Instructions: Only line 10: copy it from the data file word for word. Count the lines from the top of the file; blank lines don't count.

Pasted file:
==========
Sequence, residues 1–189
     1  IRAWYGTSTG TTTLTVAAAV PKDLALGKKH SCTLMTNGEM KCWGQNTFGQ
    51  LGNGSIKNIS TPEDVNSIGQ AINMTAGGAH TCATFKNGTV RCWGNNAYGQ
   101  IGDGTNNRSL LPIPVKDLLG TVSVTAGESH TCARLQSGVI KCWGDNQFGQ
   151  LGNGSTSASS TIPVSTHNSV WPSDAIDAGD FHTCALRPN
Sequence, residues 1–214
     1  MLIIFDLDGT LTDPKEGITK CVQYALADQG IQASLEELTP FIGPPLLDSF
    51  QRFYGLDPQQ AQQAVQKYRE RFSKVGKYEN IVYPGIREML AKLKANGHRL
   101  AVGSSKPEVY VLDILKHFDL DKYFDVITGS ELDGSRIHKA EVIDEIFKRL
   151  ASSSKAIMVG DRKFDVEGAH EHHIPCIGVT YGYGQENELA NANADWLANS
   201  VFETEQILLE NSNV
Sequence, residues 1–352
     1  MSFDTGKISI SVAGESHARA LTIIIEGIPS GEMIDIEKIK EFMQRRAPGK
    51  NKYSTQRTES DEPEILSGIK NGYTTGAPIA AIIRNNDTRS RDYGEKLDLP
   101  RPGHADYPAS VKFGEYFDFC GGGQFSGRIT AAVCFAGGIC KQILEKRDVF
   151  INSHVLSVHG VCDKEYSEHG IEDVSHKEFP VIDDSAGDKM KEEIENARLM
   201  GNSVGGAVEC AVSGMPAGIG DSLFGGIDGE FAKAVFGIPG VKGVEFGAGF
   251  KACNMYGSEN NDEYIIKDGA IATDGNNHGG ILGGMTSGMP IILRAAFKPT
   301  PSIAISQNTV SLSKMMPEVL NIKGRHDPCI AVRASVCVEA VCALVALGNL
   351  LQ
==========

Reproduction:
   151  ASSSKAIMVG DRKFDVEGAH EHHIPCIGVT YGYGQENELA NANADWLANS